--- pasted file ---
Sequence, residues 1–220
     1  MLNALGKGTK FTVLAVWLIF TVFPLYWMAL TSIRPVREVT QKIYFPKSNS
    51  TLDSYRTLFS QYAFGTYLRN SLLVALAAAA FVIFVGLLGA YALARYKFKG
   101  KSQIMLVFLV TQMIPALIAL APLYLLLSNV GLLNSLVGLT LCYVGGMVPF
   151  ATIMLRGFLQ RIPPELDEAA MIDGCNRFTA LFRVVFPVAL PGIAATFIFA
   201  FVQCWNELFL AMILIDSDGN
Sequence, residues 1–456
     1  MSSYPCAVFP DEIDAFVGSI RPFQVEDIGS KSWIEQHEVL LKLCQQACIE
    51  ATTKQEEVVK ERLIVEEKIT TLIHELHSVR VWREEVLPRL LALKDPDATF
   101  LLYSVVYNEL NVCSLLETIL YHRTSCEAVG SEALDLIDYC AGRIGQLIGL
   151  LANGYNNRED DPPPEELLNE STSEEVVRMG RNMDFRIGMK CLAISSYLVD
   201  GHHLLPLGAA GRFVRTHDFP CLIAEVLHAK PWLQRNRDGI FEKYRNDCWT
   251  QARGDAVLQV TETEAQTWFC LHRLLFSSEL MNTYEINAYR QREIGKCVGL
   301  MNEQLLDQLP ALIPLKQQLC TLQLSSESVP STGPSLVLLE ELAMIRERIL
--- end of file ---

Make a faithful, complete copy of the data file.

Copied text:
Sequence, residues 1–220
     1  MLNALGKGTK FTVLAVWLIF TVFPLYWMAL TSIRPVREVT QKIYFPKSNS
    51  TLDSYRTLFS QYAFGTYLRN SLLVALAAAA FVIFVGLLGA YALARYKFKG
   101  KSQIMLVFLV TQMIPALIAL APLYLLLSNV GLLNSLVGLT LCYVGGMVPF
   151  ATIMLRGFLQ RIPPELDEAA MIDGCNRFTA LFRVVFPVAL PGIAATFIFA
   201  FVQCWNELFL AMILIDSDGN
Sequence, residues 1–456
     1  MSSYPCAVFP DEIDAFVGSI RPFQVEDIGS KSWIEQHEVL LKLCQQACIE
    51  ATTKQEEVVK ERLIVEEKIT TLIHELHSVR VWREEVLPRL LALKDPDATF
   101  LLYSVVYNEL NVCSLLETIL YHRTSCEAVG SEALDLIDYC AGRIGQLIGL
   151  LANGYNNRED DPPPEELLNE STSEEVVRMG RNMDFRIGMK CLAISSYLVD
   201  GHHLLPLGAA GRFVRTHDFP CLIAEVLHAK PWLQRNRDGI FEKYRNDCWT
   251  QARGDAVLQV TETEAQTWFC LHRLLFSSEL MNTYEINAYR QREIGKCVGL
   301  MNEQLLDQLP ALIPLKQQLC TLQLSSESVP STGPSLVLLE ELAMIRERIL